- TRUE BROMANCE Pitt and DiCaprio are perfection as old friends struggling to navigate new times.
Quentin Tarantino's new film is a valentine to old Hollywood. The director casts a lingering look back at the legendary haunts: Musso & Frank Grill, Casa Vega, the studio lots where TV westerns were shot, and the mansions high in the hills from which the old guard watched the new advance. Al Pacino is priceless as an old-school wheeler-dealer, an agent surgically attached to a barroom's table phone. And, of course, these are secondhand memories. Tarantino was 6 in 1969, when his movie is set.
Given that Once Upon a Time ... in Hollywood garnered "universal acclaim," on the aggregators, and the five-star rating suggests I concur, I thought it might be a hoot to comment on the picture through the prism of one of the few pans it's gotten. Especially as the pan came from a longtime film fan who was there. Rex Reed is in many respects a Tinseltown institution as vintage as any in this picture.
Rather than recede into the past like the studio system, though, he's continued to offer his increasingly crotchety, frequently confused take on current offerings. Faux pas and snafus include calling Melissa McCarthy "tractor-sized" in 2013 and making fun of Renée Zellweger's face in his review of The Whole Truth. He has also made bizarre factual errors. The 80-year-old mistook The Shape of Water director Guillermo del Toro for actor Benicio Del Toro and claimed the filmmaker was born in Spain rather than Mexico.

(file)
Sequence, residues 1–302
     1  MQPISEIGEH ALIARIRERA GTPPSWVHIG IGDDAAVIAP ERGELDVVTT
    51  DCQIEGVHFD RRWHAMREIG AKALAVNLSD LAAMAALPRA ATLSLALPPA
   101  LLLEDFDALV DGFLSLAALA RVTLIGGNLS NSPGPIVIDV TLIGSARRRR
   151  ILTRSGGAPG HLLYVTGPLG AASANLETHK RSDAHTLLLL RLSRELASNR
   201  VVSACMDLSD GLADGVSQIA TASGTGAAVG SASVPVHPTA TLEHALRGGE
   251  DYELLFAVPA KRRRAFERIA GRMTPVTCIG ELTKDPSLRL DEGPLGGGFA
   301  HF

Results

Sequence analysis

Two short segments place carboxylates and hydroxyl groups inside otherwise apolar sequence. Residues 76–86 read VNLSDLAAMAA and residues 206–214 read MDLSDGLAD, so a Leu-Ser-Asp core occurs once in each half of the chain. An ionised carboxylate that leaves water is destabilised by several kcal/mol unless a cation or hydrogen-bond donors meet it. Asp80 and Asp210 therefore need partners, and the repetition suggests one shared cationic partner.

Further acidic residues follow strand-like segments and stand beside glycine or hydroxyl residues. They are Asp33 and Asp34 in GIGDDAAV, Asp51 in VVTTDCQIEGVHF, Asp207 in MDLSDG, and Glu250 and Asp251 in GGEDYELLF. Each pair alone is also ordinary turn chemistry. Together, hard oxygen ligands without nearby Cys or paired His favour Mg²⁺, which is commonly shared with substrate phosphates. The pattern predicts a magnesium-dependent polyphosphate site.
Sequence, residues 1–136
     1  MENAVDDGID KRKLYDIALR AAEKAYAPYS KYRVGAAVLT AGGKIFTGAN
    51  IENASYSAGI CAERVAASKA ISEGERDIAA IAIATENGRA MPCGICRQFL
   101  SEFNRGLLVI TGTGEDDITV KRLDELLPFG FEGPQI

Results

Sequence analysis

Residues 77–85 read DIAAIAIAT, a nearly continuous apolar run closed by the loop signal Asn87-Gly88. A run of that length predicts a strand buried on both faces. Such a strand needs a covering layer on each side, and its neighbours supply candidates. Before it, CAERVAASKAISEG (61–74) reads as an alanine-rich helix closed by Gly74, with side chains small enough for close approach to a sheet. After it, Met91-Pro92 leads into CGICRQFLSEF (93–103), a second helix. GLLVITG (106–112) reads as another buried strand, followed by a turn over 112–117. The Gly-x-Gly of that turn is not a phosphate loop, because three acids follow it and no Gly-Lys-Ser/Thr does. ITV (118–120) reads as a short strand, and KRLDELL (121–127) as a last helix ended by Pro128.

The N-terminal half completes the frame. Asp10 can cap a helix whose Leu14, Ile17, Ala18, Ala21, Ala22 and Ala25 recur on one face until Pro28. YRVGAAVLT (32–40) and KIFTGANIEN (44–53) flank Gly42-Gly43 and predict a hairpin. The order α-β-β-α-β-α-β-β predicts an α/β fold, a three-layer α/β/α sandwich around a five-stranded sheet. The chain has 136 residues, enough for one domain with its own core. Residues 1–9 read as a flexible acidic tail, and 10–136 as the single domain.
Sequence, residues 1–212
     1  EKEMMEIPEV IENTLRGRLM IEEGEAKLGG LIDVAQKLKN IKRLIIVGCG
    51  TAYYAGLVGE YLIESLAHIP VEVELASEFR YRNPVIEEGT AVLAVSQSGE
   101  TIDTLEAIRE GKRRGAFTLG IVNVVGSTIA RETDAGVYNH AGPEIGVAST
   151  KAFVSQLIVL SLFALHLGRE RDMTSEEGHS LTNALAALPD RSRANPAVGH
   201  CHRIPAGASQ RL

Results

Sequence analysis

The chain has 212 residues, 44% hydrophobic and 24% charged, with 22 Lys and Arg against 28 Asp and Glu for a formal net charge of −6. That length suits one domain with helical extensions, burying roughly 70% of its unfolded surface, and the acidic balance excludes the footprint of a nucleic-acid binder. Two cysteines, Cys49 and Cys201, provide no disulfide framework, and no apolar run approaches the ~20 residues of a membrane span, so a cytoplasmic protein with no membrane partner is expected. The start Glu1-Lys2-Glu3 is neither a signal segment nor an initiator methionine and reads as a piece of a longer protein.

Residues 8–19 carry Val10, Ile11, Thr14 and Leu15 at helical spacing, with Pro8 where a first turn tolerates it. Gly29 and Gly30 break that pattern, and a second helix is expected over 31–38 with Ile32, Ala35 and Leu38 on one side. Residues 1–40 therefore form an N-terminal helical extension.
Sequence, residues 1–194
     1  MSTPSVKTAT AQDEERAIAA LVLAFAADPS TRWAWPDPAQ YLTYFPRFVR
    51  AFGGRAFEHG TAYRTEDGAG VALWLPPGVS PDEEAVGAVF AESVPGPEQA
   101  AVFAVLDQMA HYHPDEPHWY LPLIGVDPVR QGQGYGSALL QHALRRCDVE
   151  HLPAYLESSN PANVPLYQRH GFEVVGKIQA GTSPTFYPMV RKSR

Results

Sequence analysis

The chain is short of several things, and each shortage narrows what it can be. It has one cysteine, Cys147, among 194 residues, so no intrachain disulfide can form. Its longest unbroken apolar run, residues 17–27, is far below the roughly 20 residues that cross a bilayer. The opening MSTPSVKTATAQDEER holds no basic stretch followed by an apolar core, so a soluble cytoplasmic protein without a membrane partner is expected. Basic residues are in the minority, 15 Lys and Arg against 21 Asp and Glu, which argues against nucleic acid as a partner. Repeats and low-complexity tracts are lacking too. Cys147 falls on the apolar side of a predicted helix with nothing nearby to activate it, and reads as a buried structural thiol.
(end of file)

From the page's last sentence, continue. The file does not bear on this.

"Rancid, preposterous and hysterically over the top," Reed begins his Hollywood review. This from someone who was in Myra Breckinridge (1970)! "[A]nother hopped-up fairy tale like every other Tarantino epic." Tarantino films are epic fairy tales? Who says "hopped-up"?
But there's dumber to come. "Who else," Reed asks, "would envision the historic Manson gang massacre ... as a comedy? ... I find ... any attempt to laugh off the Manson murders as sitcom fodder embarrassing."
What should embarrass Reed is his failing grasp on reality. Tarantino's latest doesn't have a sitcommy scene in it and never suggests there was anything funny about the Charles Manson murders. That's just delusional.
Tarantino revisits the waning days of the studio age, taking us down memory lane in the company of two extraordinarily entertaining creations. Leonardo DiCaprio is Rick Dalton, a veteran actor falling out of fashion as the counterculture encroaches. Brad Pitt plays Cliff Booth, his stunt double and best bro. We get an affectionate look through their eyes at the workings of an industry transitioning from the star system of Louis B. Mayer to the era ushered in by films like Easy Rider.
And, of course, we get lots of the elaborate tendrils of reference-rich talk that are Tarantino's signature. Some are melancholy. Others are funny. But none of that talk concerns the killings.
"[I]t is never clear to the viewer what anyone is saying or doing," Reed summarizes with the huff of a pensioner muttering on his way out of movie night. Reed's nostalgia for Hollywood's heyday makes him bitter. Tarantino is nostalgic and elevates that longing into a thing of elegiac beauty.
"I reject your hypothesis," the director snapped when a journalist suggested to him that Margot Robbie had too few lines as Sharon Tate (she doesn't). Reed's review is riddled with ridiculous, misguided hypotheses, including his complaint about too much "bubble gum rock" (there's none). They're spectacularly whacked. I reject them along with his disdain for the state of cinema. This is about as great as it's gotten.